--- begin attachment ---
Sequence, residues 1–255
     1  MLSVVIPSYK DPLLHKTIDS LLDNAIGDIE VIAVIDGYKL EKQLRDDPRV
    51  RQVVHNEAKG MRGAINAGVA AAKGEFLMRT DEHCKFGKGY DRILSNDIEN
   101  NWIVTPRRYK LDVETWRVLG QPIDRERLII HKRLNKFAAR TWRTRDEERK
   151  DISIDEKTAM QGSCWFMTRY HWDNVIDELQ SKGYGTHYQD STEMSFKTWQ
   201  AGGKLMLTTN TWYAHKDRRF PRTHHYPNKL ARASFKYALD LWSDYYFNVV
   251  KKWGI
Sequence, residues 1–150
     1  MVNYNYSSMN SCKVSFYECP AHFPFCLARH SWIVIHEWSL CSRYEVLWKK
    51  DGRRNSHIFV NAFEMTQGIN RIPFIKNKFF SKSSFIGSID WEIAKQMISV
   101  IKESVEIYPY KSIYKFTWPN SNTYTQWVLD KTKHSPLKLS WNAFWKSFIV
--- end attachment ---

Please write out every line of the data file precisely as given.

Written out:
Sequence, residues 1–255
     1  MLSVVIPSYK DPLLHKTIDS LLDNAIGDIE VIAVIDGYKL EKQLRDDPRV
    51  RQVVHNEAKG MRGAINAGVA AAKGEFLMRT DEHCKFGKGY DRILSNDIEN
   101  NWIVTPRRYK LDVETWRVLG QPIDRERLII HKRLNKFAAR TWRTRDEERK
   151  DISIDEKTAM QGSCWFMTRY HWDNVIDELQ SKGYGTHYQD STEMSFKTWQ
   201  AGGKLMLTTN TWYAHKDRRF PRTHHYPNKL ARASFKYALD LWSDYYFNVV
   251  KKWGI
Sequence, residues 1–150
     1  MVNYNYSSMN SCKVSFYECP AHFPFCLARH SWIVIHEWSL CSRYEVLWKK
    51  DGRRNSHIFV NAFEMTQGIN RIPFIKNKFF SKSSFIGSID WEIAKQMISV
   101  IKESVEIYPY KSIYKFTWPN SNTYTQWVLD KTKHSPLKLS WNAFWKSFIV